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Pure Jam 

Wednesday, Mar 14 2001
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Photo by Jack Gould

“My grandfather was a fuckin’ loony tune,” says Warlocks leader Bobby Hecksher. “He owned the first radio station in Fort Myers, Florida, and the only thing that mattered to him was that station. He was really weird, too; if he bought something he liked, he’d have to buy three of them, just in case. I never went to his house until after he died, because he was so self-conscious about it. So it’s like, I finally go to Grandpa’s house, and there’s just all this shit there — three binoculars, three radios, three couches, three white Lincoln Crown Victorias! It was fuckin’ rad, man!”

Hecksher laughs, then pauses to take a drag off his cigarette. “And then I started to think, ‘Oh, shit! Is that inside of me, too?’”

If it’s true that madness (like baldness and musical talent) tends to skip a generation, then Hecksher is a likely candidate indeed for the wig-out room. But where his grandfather’s mania led him to amass household items in triplicate, Hecksher’s obsessiveness seems to manifest itself in the accumulation of guitarists — there are four in the Warlocks’ current lineup, along with two drummers, a bassist and a dancer/percussionist — as well as the burning desire to achieve what he describes as the perfect “folk-psychedelic wall-of-sound jam.”

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The Warlocks, a six-song EP released late last year on Burbank’s storied Bomp label, shows Hecksher drawing a bead on his goal. The first two songs, “Cocaine Blues” and “Song for Nico,” throb with the opiated radiance of vintage Spacemen 3, while “Caveman Rock” and “Angry Demons” reveal a facility for aggressive garage rock. But it’s on “Jam of the Zombies” and “Jam of the Warlocks,” the record’s two live cuts, that Hecksher’s vision really begins to coalesce. Free of any pesky song structures, the players confidently set their controls for the heart of the sun, creating aural thrill rides that at times recall the two other bands once known as the Warlocks — the Velvet Underground and the Grateful Dead.

“Even though I wasn’t a big fan of the Grateful Dead, I’m starting to listen to them now, and I’m like, ‘Wow!’” Hecksher says. “I don’t get the whole fanatical side of it, but I can tell that their stuff from like 1970 to the early ’80s is really good.” Newfound appreciation for the Dead aside, Hecksher takes pains to point out that the Warlocks want no part of the “jam band” movement that’s currently taking the country by storm.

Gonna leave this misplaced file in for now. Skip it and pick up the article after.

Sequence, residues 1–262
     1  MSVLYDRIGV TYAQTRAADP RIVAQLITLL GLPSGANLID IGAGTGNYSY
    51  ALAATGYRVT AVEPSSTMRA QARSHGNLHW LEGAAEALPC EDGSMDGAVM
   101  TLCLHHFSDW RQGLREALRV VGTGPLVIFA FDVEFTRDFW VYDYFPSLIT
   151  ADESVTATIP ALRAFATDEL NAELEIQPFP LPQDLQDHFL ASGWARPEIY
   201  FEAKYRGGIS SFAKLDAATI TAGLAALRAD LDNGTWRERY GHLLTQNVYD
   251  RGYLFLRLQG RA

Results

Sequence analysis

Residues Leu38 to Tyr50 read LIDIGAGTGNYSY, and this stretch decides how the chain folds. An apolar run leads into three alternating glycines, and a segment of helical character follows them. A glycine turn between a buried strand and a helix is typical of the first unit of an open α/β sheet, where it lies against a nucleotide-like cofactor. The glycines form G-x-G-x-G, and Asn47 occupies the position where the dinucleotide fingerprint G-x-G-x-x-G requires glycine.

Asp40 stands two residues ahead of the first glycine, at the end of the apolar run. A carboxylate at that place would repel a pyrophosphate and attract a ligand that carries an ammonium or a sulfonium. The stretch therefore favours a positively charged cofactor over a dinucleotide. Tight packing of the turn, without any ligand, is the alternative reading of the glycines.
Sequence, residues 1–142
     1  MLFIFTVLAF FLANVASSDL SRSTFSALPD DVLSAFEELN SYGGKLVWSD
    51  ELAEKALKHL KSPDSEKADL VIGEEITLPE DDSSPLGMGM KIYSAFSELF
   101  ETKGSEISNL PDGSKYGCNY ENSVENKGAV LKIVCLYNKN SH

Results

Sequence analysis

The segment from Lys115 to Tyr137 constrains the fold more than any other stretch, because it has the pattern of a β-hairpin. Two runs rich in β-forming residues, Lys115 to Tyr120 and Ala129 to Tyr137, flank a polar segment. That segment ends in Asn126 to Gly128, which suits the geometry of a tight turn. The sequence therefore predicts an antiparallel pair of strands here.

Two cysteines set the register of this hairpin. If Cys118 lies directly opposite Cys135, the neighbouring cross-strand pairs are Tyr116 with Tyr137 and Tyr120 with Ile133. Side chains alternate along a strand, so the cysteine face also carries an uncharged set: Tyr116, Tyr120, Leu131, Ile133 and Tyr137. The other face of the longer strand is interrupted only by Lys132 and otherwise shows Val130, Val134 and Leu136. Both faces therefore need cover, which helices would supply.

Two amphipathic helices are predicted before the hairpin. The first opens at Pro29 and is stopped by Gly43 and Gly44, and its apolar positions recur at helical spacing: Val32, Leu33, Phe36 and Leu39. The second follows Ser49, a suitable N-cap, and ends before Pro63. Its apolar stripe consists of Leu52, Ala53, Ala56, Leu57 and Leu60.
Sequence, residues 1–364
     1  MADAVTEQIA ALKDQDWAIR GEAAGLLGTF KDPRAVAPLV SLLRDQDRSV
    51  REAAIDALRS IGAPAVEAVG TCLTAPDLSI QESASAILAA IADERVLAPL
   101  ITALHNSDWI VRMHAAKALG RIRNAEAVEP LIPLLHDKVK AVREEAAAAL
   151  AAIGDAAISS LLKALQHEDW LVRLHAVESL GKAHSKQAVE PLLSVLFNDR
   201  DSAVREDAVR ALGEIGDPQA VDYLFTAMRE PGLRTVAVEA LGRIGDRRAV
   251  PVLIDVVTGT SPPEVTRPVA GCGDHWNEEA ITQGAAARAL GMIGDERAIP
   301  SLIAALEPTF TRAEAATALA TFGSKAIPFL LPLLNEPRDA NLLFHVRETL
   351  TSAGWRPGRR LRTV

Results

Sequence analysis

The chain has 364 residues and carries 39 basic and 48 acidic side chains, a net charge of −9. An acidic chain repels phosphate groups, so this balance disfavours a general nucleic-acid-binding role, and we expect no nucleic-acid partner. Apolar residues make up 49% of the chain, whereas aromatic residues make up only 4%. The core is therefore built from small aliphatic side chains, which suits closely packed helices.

“We’re not like fuckin’ Phish, man,” he laughs. “What the hell’s that crap? We were doing songs for a while, structured songs with jams in them, but I want to be able to get the band to a jamming point where we don’t have to think about it anymore. It’s kind of like reaching into your head and trying to fuck with the controls a little, doing something without thinking about it or saying that we’re doing something. Now I’m just trying to focus on doing a whole set with songs optional, jams first, and keep it entertaining. That’s hard to do, but I’m working on it. It takes a lot of rehearsal!”

Hecksher’s new focus and drive are a little surprising, at least in light of his previous band, the fabulously untogether Magic Pacer. Like their two CDs, 1995’s White Room and 1997’s Dig This Dig That, Magic Pacer’s performances were wildly inconsistent. On a good night, they’d come off like the Stooges fronted by a synth-wielding fourth-grader; on a bad night, well, they just plain stunk.

“The time that Magic Pacer was going on was probably the lowest point in my life,” Hecksher says. “I was doing drugs nonstop, just getting loaded and not really giving a shit about anything. There was just a point where I was like, ‘It’s time to clean the slate and start over.’” After several months of vegging at his mom’s house, Hecksher auditioned for the vacant bass slot in Weezer; he didn’t get the gig, but the experience finally motivated him to form a new band. Now, nearly three years and numerous personnel changes later, the Warlocks are preparing to undertake their first national tour, opening for punk rock troubadour (and Bomp labelmate) Nikki Sudden.

“It’s pretty exciting,” Hecksher says. “We’re taking our new light show along, too. I just bought 150 3-D glasses from the ’80s; if you set the color tones a certain way, you can get this really bad approximation of 3-D on your TV, and I’m trying to dial in the right tones for the light show to get 3-D effects. But then I think, ‘Man, do I really want to play while looking out at a bunch of people in 3-D glasses? This is a stupid idea!’” He laughs. “But I already bought ’em, so . . .”

The Warlocks and Nikki Sudden perform at Spaceland on Thursday, March 22.

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